Good evening again.
We’ll have to stop meeting like this.
1. Can’t make up my mind if I want there to be disastrous botched ball/strike call in Game 6 of the World Series or not. It will take one of those—a bad call that turns the game and eventually the World Series around to get MLB off its metaphorical butt and force it to establish an electronic pitch-calling system. Of course, it is worth noting that one of the most devastating wrong umpire calls in history stole a World Series away from the St. Louis Cardinals in 1985, and it took another 30 years for baseball to adopt an instant replay system that would have reversed it.
Don Denkinger was the first base umpire in Game 6 of the 1985 World Series in Kansas City. The St. Louis Cardinals led the home team Royals by 3 games to 2, and tooka 1–0 lead in the 8th inning. In the bottom of the ninth, Jorge Orta, the leadoff batter for the Royals, hit a slow roller to Cards first baseman Jack Clark. Clark tossed the ball to his pitcher, Todd Worrell, who was covered first base. Orta was out by half a step, but Denkinger called Orta safe, even though television replays and photographs clearly showed that he was out by half a step. Orta eventually scored, allowing the Royals to go on to win Game 6 by the score of 2–1.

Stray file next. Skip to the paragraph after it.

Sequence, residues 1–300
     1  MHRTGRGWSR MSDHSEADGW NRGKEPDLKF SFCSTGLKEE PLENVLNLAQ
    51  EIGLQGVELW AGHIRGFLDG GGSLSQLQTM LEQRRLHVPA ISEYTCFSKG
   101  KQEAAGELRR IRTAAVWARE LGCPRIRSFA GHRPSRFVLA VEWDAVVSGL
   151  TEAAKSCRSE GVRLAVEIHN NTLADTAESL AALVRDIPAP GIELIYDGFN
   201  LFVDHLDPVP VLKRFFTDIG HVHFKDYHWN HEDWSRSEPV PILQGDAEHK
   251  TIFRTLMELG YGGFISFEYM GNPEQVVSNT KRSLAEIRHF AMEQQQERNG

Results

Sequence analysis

Denkinger was the home plate umpire in the Series-deciding Game 7, apparently driving the angry Cardinals mad. Denkinger ultimately ejected both Herzog and pitcher Joaquín Andújar in the fifth inning, as the game deteriorated into Royals rout, 11–0 . Denkinger accepted that he had made a terrible call, but as was the ethics in baseball at the time, took the position that such mistakes were an unavoidable part of the game. In aftermath of the 1985 World Series, Denkinger death threats, from Cardinals fans. Two St. Louis disc jockeys doxxed him, giving out the umpire’s telephone number and home address. He was a well-regarded umpire, who at 83 years of age will still sign photographs of “the Call” when asked.
I guess I don’t want to see another umpire suffer Denkinger’s fate tonight. It is inevitable that there will be a bad call of a strike or ball that makes an umpire a lifelong pariah, unless baseball locks that barn door as soon as possible.
2. A question: Does President Trump’s routine carelessness with facts and details, frequent exaggerations and self-contradictions, and yes, resorting to obvious lies, mean that his potential Democratic challengers should be especially truthful, or does it lower their obligation to be honest and accurate, since they will still be more honest than the President in the eyes of their supporters and Trump’s detractors?